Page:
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Synthesis in the human evolutionary behavioural sciences

By Rebecca Sear, David W. Lawson and Thomas E. Dickins

Abstract

Over the last three decades, the application of evolutionary theory to the human sciences has shown remarkable growth. This growth has also been characterised by a ‘splitting’ process, with the emergence of distinct sub-disciplines, most notably: Human Behavioural Ecology (HBE), Evolutionary Psychology (EP) and studies of Cultural Evolution (CE). Multiple applications of evolutionary ideas to the human sciences are undoubtedly a good thing, demonstrating the usefulness of this approach to human affairs. Nevertheless, this fracture has been associated with considerable tension, a lack of integration, and sometimes outright conflict between researchers. In recent years however, there have been clear signs of hope that a synthesis of the human evolutionary behavioural sciences is underway. Here, we briefly review the history of the debate, both its theoretical and practical causes; then provide evidence that the field is currently becoming more integrated, as the traditional boundaries between sub-disciplines become blurred. This article constitutes the first paper under the new editorship of the Journal of Evolutionary Psychology, which aims to further this integration by explicitly providing a forum for integrated work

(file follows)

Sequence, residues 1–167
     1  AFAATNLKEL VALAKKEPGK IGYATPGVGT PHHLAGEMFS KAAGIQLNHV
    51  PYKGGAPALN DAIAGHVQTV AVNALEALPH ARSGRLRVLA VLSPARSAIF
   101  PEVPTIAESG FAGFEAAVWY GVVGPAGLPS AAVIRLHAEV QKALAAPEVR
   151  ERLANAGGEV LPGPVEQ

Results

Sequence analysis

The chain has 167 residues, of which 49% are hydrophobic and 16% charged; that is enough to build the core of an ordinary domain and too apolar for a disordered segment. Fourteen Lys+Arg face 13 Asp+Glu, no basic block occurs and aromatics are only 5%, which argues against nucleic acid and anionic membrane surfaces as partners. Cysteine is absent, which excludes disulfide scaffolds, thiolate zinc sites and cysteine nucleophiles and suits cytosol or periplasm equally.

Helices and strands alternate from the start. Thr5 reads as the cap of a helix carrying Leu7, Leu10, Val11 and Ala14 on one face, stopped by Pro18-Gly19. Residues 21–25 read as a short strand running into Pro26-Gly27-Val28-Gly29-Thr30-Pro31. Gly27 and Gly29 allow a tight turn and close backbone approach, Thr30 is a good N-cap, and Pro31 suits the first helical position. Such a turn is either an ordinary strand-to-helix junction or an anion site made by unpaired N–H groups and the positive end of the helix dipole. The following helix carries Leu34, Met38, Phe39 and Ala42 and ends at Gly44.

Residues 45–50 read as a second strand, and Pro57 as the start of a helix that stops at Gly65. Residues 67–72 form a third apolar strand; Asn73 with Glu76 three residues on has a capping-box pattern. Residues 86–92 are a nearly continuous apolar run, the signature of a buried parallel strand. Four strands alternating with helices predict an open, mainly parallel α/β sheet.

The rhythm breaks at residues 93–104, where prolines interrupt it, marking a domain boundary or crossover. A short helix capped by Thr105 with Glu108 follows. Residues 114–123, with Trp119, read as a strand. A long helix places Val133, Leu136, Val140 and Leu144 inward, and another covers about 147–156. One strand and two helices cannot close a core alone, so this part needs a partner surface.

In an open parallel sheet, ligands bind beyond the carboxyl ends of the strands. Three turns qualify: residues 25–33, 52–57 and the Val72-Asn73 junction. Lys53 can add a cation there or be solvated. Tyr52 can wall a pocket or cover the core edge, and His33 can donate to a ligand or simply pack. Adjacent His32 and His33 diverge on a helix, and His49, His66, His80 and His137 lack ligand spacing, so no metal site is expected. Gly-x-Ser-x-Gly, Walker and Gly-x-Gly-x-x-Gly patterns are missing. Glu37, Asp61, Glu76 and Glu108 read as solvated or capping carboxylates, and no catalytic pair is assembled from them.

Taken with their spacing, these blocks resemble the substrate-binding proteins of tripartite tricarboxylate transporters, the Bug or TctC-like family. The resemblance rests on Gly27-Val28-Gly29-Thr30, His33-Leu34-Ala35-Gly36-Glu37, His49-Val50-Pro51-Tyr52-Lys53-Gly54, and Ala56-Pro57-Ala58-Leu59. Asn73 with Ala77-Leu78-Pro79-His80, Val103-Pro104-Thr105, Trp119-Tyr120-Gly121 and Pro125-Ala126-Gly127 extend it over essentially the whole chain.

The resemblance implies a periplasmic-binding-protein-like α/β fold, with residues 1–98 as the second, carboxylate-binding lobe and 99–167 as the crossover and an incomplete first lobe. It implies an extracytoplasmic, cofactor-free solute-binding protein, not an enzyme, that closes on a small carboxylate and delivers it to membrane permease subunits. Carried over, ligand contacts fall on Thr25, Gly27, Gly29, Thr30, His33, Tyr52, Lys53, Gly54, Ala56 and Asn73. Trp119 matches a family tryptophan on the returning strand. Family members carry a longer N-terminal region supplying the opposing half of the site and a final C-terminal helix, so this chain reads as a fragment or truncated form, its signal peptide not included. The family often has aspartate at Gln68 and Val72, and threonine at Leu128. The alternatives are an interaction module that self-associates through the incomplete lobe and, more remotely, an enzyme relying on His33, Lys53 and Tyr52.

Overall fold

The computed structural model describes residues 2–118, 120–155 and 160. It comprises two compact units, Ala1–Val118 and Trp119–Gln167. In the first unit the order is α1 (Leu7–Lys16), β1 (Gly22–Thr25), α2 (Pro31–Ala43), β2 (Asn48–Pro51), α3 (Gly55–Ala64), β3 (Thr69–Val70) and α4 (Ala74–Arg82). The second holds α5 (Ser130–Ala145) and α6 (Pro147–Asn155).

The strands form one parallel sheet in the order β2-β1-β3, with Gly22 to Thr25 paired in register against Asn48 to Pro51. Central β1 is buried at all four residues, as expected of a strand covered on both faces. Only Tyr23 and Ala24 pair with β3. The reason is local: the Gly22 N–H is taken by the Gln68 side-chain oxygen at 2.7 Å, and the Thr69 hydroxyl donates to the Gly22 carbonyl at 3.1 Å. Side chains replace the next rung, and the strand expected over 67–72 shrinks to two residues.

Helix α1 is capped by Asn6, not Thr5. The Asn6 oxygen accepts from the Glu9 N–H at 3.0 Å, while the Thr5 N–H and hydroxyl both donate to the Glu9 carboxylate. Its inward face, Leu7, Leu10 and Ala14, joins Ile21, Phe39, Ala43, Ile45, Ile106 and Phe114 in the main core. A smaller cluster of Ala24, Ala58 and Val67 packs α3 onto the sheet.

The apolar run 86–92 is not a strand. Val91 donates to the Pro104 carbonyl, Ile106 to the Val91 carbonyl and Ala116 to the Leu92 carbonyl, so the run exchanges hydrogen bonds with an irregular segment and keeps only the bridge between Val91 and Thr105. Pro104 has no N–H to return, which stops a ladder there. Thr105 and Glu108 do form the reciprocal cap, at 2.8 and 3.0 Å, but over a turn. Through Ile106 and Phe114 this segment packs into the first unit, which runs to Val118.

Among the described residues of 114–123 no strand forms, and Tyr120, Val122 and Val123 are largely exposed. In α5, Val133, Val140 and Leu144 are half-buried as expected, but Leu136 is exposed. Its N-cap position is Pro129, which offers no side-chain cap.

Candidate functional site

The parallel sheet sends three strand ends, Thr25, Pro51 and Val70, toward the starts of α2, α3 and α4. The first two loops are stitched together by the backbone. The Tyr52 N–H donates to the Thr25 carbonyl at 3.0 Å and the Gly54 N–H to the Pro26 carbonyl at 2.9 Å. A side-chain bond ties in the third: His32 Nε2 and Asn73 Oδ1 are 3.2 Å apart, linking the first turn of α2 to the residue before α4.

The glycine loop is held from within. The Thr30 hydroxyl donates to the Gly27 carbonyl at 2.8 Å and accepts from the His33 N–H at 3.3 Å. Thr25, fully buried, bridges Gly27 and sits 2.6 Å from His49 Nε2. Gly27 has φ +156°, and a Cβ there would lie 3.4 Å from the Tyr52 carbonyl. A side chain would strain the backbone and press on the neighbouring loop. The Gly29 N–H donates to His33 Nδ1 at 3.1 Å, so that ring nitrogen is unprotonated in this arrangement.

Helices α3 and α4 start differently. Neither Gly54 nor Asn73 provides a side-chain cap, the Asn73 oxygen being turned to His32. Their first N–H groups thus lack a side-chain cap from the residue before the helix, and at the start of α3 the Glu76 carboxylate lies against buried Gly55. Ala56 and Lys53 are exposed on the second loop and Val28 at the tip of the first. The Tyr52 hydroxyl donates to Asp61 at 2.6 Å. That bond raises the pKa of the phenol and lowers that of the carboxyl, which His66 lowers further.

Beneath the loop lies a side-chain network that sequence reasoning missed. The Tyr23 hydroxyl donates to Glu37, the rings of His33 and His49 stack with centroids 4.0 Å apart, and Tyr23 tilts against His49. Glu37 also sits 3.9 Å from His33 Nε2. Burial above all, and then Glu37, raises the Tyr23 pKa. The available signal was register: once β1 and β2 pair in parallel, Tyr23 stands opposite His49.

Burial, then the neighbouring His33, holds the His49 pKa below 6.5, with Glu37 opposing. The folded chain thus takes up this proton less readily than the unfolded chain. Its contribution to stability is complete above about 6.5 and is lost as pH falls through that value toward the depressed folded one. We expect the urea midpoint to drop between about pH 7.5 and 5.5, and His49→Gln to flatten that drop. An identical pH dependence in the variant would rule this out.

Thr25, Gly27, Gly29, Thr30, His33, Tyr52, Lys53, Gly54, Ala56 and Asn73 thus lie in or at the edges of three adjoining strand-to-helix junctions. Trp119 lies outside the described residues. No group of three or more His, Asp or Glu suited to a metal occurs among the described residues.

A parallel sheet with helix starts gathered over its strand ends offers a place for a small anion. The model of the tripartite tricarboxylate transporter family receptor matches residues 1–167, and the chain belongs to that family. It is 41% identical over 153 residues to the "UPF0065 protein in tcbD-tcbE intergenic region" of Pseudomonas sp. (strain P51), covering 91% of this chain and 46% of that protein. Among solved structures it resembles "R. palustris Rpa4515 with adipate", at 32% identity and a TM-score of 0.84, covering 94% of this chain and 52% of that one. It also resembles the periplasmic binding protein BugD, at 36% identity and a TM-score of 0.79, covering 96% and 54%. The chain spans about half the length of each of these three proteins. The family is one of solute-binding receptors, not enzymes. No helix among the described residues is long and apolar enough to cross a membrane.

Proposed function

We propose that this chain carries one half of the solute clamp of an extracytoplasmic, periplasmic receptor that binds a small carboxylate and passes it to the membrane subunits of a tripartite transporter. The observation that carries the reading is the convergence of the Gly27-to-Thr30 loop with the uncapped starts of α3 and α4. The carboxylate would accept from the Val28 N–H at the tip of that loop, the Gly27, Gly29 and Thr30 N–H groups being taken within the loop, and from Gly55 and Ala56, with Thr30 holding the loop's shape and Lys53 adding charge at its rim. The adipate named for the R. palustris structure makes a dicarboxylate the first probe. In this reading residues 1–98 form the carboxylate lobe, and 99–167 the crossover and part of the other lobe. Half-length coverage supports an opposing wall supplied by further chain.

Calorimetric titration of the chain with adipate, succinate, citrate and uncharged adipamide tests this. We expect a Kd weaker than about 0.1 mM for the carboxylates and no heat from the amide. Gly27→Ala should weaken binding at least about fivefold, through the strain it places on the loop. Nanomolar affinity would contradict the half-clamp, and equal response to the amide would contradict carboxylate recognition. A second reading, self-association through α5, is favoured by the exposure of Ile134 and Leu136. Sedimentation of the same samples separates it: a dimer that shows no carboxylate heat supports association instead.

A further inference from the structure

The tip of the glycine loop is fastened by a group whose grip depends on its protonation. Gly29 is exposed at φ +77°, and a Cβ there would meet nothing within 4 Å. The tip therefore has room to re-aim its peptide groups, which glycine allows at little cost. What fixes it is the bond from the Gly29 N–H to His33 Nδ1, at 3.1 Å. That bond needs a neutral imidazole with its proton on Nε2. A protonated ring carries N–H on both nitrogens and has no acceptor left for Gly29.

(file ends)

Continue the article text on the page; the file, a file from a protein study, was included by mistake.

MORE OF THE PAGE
Topics: QL Zoology, BF Psychology, GN Anthropology
Publisher: Akadémiai Kiadó
Year: 2007
DOI identifier: 10.1556/JEP.2007.1019
OAI identifier: oai:eprints.lse.ac.uk:21227
Provided by: LSE Research Online
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